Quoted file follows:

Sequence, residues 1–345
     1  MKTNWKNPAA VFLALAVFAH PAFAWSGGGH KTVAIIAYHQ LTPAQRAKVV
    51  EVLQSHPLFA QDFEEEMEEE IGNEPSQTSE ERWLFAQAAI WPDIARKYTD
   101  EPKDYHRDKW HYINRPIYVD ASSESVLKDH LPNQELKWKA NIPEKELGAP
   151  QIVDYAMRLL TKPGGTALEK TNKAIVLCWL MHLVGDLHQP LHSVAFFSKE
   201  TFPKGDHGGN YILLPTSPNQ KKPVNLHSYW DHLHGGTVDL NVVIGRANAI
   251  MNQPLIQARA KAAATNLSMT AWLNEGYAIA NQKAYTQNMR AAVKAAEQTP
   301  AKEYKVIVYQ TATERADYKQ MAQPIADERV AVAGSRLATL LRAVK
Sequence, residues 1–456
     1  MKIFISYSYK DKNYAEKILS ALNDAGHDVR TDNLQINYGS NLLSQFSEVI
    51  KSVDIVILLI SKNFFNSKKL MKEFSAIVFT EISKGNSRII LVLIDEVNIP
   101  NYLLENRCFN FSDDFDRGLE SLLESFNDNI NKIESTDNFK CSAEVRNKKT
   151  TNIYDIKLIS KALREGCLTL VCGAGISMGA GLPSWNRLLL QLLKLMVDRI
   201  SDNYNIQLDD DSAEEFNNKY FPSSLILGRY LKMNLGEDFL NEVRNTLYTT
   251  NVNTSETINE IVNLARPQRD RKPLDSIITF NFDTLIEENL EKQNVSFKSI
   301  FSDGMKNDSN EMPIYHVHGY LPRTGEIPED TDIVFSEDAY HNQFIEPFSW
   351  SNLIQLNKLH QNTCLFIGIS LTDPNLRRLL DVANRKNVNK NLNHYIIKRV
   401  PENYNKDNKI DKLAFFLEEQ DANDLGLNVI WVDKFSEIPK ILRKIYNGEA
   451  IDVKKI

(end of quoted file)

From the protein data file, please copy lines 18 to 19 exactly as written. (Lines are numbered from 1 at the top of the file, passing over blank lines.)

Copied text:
   401  PENYNKDNKI DKLAFFLEEQ DANDLGLNVI WVDKFSEIPK ILRKIYNGEA
   451  IDVKKI